The Stanley Parable was a game I had never really researched. Despite the constant Steam advertisements, and even the odd occasion I have heard it discussed in conversation, but it wasn’t until I read Robin Valentine’s review, (I’d actually recommend giving his stuff a read, he’s a damn talented writer!), of the title a few days ago, that I decided to actually give the game a try.
I elected to try out the demo first, seeing as I had never even seen any gameplay and I am certainly glad I did. Rather than a mere trial of the title, the demo was a wholly new experience. In fact, I hadn’t even finished the demo before I had decided to download the full game. You see, narrative and character are amongst two of my favourite aspects in any form of media but they are often lacking in video games.
Therefore, the idea of a Narrator as a genuine character, rather than merely a means of advancing the narrative, is one which I find quite amazing. I imagined a GLaDOS-like character, an obsessive enemy who controls the environment you are trapped in down to the tiniest of Pixels. Therefore, I was more than amazed to discover the Narrator has gone beyond GLaDOS and any other character I have ever met in a game.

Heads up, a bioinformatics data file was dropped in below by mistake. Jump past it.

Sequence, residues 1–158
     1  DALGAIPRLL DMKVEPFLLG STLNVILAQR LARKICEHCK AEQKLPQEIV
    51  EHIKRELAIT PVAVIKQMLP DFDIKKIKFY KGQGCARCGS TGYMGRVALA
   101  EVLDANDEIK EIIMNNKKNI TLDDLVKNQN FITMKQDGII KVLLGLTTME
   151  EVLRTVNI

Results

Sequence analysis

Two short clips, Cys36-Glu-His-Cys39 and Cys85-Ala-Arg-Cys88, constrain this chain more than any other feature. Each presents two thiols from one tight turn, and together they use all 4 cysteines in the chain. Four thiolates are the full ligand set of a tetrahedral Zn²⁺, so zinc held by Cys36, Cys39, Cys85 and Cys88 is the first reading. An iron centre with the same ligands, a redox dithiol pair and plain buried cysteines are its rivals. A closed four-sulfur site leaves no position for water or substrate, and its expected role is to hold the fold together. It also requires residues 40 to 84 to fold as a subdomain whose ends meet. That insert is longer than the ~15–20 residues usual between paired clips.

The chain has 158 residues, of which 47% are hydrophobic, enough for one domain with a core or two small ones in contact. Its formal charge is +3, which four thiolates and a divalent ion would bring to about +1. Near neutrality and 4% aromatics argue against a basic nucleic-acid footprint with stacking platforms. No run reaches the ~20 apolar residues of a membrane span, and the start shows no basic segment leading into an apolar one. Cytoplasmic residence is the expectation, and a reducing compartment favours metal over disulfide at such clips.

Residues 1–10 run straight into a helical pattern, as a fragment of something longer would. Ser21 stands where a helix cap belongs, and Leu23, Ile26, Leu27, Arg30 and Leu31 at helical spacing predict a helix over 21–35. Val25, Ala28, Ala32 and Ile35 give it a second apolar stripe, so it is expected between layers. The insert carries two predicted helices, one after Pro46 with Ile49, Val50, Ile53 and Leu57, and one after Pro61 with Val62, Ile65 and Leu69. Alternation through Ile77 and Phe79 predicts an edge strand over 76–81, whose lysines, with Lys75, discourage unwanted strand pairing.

The Stanley Parable is, perhaps, the first game I would be completely comfortable with giving the definition of ‘Art’ to. Certainly, the gameplay is kept to a minimum, instead a great reliance being placed upon the character of the Narrator, the narrative he unfolds for you and, of course, the sheer amount of choice or, alternatively, the lack of choice, which the title offers you.
TSP is the cleverest, wittiest and most thought-provoking game I have ever played, or Artwork I have ever viewed, whatever definition you would give it. Every other sentence the Narrator utters sends thoughts racing throughout my brain and, after two hours of solid playing, I think I have managed to view every ending. That may not seem like much content, and I am certainly hungry for more, but it is better to have less of a title like this, than offer any dialogue that is not perfect.
I am not going to do any kind of review on this title, for at least another few weeks. Partially through my desire not to ruin the experience for anyone else, but also because I feel as though I’m still struggling to wrap my head around the title.